It might be the end of commercial models based on value chains instead of facilitated user networks. That's a big problem for the people and companies with legacy commercial models that have to change for a new environment.
But that's not my problem. I have enough of my own problems to solve.
read at INMA
- No Iceberg: Separating Truth from Fiction About Newspapers In This Recession:"The death of the newspaper is one of the great exaggerations of today's economic downturn.
It is a myth being perpetuated by people, companies, and the trade press that serve them that are in seeming cardiac arrest -- many of whom have amassed debt beyond their means, possess business models vulnerable to today's environment, and are unused to competitive profit margins.
No matter how unbiased or agnostic we try to be, we are all creatures of what we read and what surrounds us.
Being based in the United States, I am surrounded by extraordinary negativity. Not just talk about advertising declines, classified migration to the internet, and circulation woes. The talk in the States is about the death of newspapers, the death of the traditional print business model, and the death of companies that own today's newspapers.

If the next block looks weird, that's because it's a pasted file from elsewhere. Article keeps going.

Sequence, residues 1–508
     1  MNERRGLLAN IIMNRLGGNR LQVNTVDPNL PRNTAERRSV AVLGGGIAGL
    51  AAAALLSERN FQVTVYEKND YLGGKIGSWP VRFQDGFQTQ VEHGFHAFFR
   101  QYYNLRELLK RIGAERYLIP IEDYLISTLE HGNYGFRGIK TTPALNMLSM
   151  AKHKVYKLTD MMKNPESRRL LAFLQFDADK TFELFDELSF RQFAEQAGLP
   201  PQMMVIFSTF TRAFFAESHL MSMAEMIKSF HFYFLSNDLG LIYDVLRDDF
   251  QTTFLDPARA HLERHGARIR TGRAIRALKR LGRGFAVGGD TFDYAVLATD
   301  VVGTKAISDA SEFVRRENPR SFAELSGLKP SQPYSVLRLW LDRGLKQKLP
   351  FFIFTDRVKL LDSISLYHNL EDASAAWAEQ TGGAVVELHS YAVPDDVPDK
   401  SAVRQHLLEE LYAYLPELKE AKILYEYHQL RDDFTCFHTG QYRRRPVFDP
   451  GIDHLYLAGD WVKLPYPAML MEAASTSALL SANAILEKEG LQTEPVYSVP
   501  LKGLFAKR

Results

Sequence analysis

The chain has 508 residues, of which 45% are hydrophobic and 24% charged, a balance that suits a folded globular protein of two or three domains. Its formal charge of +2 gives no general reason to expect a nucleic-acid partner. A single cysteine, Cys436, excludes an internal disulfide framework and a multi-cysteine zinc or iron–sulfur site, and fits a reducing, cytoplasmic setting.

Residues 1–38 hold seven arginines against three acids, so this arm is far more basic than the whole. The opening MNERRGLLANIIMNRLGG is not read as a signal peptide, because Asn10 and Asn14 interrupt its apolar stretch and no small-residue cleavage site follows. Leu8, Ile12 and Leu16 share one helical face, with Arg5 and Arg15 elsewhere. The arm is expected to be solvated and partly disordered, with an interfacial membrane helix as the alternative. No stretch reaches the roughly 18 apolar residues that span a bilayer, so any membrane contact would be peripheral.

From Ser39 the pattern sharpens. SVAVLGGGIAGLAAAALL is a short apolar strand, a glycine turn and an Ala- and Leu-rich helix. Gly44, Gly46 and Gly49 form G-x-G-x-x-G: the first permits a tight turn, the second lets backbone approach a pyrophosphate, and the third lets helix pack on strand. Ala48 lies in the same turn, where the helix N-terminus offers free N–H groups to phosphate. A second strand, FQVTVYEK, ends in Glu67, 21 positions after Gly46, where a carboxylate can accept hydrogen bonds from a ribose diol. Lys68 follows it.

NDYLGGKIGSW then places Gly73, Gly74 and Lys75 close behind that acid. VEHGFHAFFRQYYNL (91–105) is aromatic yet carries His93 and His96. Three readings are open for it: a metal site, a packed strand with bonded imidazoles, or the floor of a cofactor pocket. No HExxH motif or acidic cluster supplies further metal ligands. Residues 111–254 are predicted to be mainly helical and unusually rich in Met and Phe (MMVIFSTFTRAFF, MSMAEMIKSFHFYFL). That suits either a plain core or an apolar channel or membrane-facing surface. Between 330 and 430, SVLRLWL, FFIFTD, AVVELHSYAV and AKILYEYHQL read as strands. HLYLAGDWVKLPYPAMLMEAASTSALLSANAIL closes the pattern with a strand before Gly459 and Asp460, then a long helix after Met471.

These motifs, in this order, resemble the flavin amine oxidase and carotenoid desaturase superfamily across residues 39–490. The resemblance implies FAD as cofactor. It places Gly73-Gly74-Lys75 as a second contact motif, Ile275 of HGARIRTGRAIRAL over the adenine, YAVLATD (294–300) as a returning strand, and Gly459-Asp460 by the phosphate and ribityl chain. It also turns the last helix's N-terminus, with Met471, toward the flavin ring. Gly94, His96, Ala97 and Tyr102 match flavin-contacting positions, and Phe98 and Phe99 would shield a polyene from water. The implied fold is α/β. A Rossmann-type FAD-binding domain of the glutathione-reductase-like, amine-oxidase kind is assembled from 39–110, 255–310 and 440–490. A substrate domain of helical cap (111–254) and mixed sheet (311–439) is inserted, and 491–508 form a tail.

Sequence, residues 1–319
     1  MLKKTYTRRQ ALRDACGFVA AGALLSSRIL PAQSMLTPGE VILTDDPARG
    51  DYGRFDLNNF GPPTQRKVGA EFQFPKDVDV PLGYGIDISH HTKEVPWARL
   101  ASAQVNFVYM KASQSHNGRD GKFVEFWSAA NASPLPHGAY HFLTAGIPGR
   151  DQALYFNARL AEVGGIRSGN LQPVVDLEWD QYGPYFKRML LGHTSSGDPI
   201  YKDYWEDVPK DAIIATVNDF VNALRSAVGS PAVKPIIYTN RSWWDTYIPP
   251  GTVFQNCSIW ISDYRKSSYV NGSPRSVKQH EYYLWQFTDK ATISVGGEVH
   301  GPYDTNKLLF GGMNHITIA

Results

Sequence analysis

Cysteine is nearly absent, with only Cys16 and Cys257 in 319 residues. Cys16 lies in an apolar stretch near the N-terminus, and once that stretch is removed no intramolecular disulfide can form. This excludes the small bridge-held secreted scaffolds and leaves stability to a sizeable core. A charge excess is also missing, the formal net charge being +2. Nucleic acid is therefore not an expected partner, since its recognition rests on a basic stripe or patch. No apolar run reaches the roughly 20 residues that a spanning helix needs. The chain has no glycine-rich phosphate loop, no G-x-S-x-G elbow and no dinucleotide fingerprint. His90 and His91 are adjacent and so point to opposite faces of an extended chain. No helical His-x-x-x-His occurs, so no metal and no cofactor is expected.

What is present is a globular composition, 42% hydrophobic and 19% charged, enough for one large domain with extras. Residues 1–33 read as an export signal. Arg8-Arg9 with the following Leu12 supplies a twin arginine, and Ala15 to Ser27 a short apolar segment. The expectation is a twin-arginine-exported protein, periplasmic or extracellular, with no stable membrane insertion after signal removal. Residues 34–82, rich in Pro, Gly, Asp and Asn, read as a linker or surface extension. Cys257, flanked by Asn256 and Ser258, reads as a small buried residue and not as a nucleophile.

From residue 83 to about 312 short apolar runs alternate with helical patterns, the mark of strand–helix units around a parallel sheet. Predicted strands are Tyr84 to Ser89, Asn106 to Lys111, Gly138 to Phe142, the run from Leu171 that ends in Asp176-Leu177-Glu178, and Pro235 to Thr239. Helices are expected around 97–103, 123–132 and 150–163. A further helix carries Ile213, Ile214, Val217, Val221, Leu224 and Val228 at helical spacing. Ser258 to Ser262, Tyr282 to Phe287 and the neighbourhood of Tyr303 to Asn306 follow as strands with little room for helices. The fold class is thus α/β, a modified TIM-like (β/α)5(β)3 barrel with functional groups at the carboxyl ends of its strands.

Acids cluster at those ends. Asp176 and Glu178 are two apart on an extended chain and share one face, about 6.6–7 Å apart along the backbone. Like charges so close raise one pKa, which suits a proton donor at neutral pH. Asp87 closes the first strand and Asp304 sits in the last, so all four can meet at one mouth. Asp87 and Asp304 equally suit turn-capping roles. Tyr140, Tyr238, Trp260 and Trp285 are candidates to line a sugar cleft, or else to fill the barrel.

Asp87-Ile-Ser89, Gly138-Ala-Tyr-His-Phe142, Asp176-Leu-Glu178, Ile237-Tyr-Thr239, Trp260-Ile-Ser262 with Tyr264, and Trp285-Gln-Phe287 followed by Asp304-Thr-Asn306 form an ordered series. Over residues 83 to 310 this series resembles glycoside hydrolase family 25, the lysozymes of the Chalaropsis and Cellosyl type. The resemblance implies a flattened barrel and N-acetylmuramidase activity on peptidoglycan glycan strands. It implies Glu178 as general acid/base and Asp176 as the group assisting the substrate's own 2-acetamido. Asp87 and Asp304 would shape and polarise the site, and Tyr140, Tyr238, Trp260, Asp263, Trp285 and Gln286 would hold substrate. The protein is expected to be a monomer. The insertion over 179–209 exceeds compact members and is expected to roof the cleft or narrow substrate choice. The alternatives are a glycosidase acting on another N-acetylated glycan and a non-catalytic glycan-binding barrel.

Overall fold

Recently, I decided to reach out to INMA members worldwide to understand the precise colour and tenor of this downturn.
Is the extreme negativity justified?
This brief report for INMA members is a summary of my findings. It is a narrative, based on the confidential discussions with senior executives in Asia/Pacific, Europe, Latin America, and North America. . . .
. . .
I've heard that one of the Tribune Company's leading newspapers may have made a US$100 million profit in an otherwise horrible 2008 due to cost containment and targeting its opportunities. But put that in the context of the US$13 billion debt the Tribune Company has amassed and must service!
You can throw off impressive profits, but the way newspaper companies structured their debt to acquire other newspapers assumed they could lift 20 percent margins to 30 percent and more. Little thought was given to the idea that margins could drop from 20 percent to 10 percent or less.
That is turning into a Shakespearean miscalculation.